Nora Demers Homepage   

Kissengen Spring among the lost resources

By GREG MARTIN STAFF WRITER   Charlotte-Sun Herald May 18, 2008

BARTOW — The woods are now quiet around Kissengen Spring. Children no longer splash away hot afternoons in the cool, clear water that once flowed up profusely from the vent at its bottom. No remnant can be found of the recreation hall that once stood on its banks. Nearby, only a steel pavilion where a phosphate mining company’s employees once picnicked can be seen rusting away.
    All that remains of the spring itself is a muddy spot, buzzing with flies and filled with rotting fish, in the middle of a weed-strewn, dusty crater.
    “It’s such a shame to see such a major river sucked dry in places,” said Sandy Colbert, a geologist from St. Petersburg. “I’ve canoed a lot of rivers in Florida, and the upper Peace River, I think, is the most beautiful river in the state.”
    Colbert was one of several dozen members of the Southeastern Geological Society, and several other area residents, who marveled at the remains of Kissengen Spring and several other similar geological features during a tour of the upper Peace River May 3.
    With an historical output of 20 million gallons per day, Kissengen Spring would have been classified as a magnitude-two spring today, a category worthy of state protection.
    But, it ceased continuous flow in 1950 as the result of excessive groundwater pumping, according to studies by the Florida Geological Survey. The water was withdra wn primarily for phosphate mining, which was booming in the area at the time.
    The mining operations consumed 75 million gallons of water per day — more than twice the demand of all other users in Polk County combined — and had installed wells as large as 24 inches in diameter near the spring, according to a 1951 FGS and other reports.
    The massive withdrawals lowered the head pressure of the Floridan aquifer from as much 20 feet above land’s surface in the 1930s to some 45 feet below by the 1970s, according to the U.S. Geological Survey.
    That caused artesian springs located throughout a three-mile stretch of the river in that area, located southeast of Bartow, to turn into a maze of crevices and sinkholes.
    Instead of contributing water to the river, those features have been draining millions of gallons per d ay into the aquifer ever since — with development near Lakeland and farming to the south and east continuing to drain the water needed for recovery.
    An aquifer is a waterbearing underground zone. In Florida, they typically consist of limestone, sand, shell and clay.
    In this region, the limestone also has “karst” features, which means water has dissolved holes that allow it to store vast quantities of water.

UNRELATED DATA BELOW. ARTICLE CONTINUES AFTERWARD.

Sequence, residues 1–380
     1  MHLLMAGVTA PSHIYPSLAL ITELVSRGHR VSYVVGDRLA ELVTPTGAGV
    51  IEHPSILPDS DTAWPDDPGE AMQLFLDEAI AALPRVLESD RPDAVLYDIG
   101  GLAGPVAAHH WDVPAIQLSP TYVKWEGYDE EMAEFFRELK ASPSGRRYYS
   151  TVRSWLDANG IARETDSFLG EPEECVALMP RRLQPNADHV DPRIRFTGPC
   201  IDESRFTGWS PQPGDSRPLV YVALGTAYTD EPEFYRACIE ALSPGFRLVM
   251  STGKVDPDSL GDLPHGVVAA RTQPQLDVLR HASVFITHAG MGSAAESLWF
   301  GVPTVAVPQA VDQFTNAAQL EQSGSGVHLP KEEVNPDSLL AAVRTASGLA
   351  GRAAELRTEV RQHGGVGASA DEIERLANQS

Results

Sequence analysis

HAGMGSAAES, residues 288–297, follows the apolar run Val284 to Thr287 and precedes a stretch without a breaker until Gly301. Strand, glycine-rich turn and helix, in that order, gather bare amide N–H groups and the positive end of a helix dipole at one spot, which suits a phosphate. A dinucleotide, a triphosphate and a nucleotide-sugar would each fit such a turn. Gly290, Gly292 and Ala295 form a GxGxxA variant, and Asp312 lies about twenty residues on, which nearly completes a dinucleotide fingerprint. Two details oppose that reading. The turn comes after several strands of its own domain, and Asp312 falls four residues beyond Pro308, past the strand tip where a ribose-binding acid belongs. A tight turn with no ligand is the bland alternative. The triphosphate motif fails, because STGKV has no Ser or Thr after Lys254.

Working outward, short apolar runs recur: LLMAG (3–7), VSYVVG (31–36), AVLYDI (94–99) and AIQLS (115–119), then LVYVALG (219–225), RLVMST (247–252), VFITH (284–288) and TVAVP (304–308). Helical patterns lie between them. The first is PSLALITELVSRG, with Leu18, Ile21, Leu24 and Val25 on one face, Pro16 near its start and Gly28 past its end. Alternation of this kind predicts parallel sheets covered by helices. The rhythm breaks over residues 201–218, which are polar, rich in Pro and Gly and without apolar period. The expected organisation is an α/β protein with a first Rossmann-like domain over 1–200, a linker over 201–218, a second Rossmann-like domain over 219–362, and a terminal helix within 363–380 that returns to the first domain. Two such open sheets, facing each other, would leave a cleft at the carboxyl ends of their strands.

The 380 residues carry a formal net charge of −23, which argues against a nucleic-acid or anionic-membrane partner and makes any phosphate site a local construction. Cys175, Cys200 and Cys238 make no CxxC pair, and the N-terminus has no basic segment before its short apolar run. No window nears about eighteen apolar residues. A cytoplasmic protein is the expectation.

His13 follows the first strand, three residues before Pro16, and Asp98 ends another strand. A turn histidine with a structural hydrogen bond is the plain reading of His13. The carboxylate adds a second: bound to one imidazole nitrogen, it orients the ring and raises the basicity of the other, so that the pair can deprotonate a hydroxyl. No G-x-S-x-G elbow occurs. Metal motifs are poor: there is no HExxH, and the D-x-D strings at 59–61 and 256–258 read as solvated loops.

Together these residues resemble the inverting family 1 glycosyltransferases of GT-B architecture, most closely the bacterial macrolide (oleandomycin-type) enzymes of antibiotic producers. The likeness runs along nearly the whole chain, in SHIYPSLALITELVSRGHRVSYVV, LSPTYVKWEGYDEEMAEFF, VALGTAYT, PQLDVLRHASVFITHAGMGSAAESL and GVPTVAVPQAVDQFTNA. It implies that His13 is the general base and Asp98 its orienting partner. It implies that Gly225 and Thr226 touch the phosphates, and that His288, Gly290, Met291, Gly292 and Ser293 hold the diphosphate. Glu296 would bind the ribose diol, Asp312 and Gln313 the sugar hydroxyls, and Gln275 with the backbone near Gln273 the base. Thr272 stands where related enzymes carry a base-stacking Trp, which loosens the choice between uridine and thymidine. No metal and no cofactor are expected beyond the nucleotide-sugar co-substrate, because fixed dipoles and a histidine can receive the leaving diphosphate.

“Kissengen Spring was a really big deal, for my parents, my aunts and uncles,” said John Laurent, a fourth-generation Polk resident who was 4 years old when the spring went dry. “I heard about it all my life.”
    Like other major springs provided to other small-town Florida communities, Kissengen had provided a coveted natural recreational asset, he said.
    “That’s what people did as kids in the summer,” he said.
    The group also viewed a large sinkhole called Gator that opened up in the early 1980s next to a cow pasture on a reclaimed mine. The water level was some 20 feet below land’s surface, but scientists could tell by an erosion path that the hole had recently drained water from the Peace River during a period of heavy rain in April.
    That illustrates the fact that the drawdown of the aquifer has made the level of water on the surface vulnerable to sudden declines, a condition scientists call “flashy,” said Pattie Metz, a USGS researcher on the tour.
    The group walked through an area of the forested floodplain so
riddled with small crevices it has been dubbed “the Catacombs” by the scientists. The crevices drain the river both during its lowest flow periods and when it spreads out into the forested flood plain during heavy rains.
    They also watched the last of the river’s flow trickle down a big crevice dubbed “Dover,” located at the dead end of a short stem off the Peace River’s main channel.
    Dying fish swirled in a small pool of black water as the last of the river’s water in that section descended underground.
    There are numerous examples around the globe of spectacular aquatic resources that have vanished as a result of mankind’s impacts.
    But, the upper Peace River serves as “the poster child for this kind of impact in Florida,” said Tom Jackson, a professional geologist based in Bartow.